"Just a couple of weeks ago we were ramping up to have a great kickoff to this new campaign," said Adam Barr, founder of DC for Obama.
Barr said his grassroots group, which is not affiliated with Obama's official campaign, knocked on more than 100,000 doors for Obama in Virginia ahead of the 2008 election. Barr said more than 250 people had already signed up for an April 28 campaign launch party.
Barr's enthusiasm has faded. "We may end up postponing indefinitely," Barr said. "We may also just hold it and use that time as strategy to fight back against the White House and Congress."
Under a budget deal hatched late last week, the city will be banned from using local funds to pay for abortions for low-income women. A school voucher program that is a pet project of congressional Republicans will be expanded.
The city's 600,000 residents pay federal taxes but do not have full representation in the House or Senate, where lawmakers can dictate city affairs as they wish. The new restrictions roll back some of the autonomy given the city by a Democratic Congress in recent years.
Republicans had dug in on their demands to cut funds to national nonprofits that provide abortion services. As a government shutdown loomed, Obama reportedly told House Speaker John Boehner (R-Ohio), "John, I will give you D.C. abortion," according to the Washington Post. "I am not happy about it."
"It highlights the status to which Republicans relegate the District of Columbia," House Minority Whip Steny Hoyer (D-Md.) said during a briefing Tuesday. "Again they demonstrate that the citizens of the District of Columbia do not have the right to make their own decisions on the application of their own tax revenues."
Many D.C. locals are furious that Obama apparently used the city as a bargaining chip in federal budget negotiations.
In email blasts, Barr encouraged his group's 16,000 subscribers to attend a protest organized by advocacy group DC Vote outside a Senate office building on Monday afternoon. At the protest, Capitol Police arrested 41 people for blocking the street, including D.C. mayor Vince Gray (D) and six members of the D.C. Council.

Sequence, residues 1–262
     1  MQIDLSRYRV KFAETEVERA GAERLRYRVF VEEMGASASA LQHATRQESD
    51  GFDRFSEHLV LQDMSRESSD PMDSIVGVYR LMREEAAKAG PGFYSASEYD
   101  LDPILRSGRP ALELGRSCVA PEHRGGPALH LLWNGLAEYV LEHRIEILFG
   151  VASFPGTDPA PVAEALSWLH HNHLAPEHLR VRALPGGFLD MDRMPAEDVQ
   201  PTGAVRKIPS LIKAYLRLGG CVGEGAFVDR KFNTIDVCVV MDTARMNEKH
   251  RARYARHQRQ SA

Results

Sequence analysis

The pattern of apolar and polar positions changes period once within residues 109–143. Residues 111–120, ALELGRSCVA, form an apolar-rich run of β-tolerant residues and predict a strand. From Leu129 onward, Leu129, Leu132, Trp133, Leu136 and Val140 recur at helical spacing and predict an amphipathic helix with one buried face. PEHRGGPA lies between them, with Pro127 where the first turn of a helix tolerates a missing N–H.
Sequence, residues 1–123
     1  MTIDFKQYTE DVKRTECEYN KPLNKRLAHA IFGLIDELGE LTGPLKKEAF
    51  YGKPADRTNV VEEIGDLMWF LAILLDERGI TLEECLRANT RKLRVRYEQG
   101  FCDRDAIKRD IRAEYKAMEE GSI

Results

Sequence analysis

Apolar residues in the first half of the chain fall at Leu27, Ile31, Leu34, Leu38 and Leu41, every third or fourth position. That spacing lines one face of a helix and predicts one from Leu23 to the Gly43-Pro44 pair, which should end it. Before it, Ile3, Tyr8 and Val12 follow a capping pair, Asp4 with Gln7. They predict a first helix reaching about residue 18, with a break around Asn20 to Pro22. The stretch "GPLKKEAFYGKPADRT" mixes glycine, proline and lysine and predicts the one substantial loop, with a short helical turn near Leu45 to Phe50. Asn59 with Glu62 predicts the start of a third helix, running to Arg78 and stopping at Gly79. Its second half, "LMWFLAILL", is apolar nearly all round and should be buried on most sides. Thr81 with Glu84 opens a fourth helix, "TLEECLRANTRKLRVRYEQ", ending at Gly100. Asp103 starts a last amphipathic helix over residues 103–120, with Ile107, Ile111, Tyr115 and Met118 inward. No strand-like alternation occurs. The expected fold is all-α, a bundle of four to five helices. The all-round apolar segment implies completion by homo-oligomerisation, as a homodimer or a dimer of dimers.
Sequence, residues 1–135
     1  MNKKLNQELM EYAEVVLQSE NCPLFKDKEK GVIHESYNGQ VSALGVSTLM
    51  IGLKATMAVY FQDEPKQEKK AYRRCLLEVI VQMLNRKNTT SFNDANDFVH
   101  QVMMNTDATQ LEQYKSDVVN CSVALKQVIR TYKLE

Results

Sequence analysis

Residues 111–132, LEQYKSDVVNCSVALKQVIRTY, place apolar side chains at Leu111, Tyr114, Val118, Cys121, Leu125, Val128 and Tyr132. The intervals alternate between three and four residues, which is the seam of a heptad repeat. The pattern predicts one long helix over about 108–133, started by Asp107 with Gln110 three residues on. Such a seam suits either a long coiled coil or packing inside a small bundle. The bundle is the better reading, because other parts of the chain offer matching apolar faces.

Barr had been especially angry over reports that the budget deal would also include a "policy rider" that would reinstate a ban on the city using its own funds to pay for funding for needle exchange programs designed to curtail the spread of disease among drug users.
"The needle exchange is the most egregious of these riders," Barr said. The administration's own AIDS policy boosts needle exchange as one of five strategies for reducing the disease, Barr points out, and the rate of HIV infection among D.C. residents is nearly 10 times the national average.
But a ban on funding for needle exchange is not in the long-term budget deal unveiled early Tuesday morning. "It's out," said Adam Jentleson, a spokesman for Senate Majority Leader Harry Reid (D-Nev.). "They [Republicans] tried to put it in and we kept it out."
A Boehner spokesman declined to comment on what happened with needle exchange. The White House did not respond to requests for comment.
Barr is not mollified.
"It's definitely positive that the needle exchange is going to be permitted, but it's definitely not going to satisfy our members," he said. "I think the most egregious statements coming from the president were in that Washington Post article when he told John Boehner, 'I'll give you D.C. abortions.' It highlights the fact that D.C. doesn't have representation."
Elise Foley contributed to this report.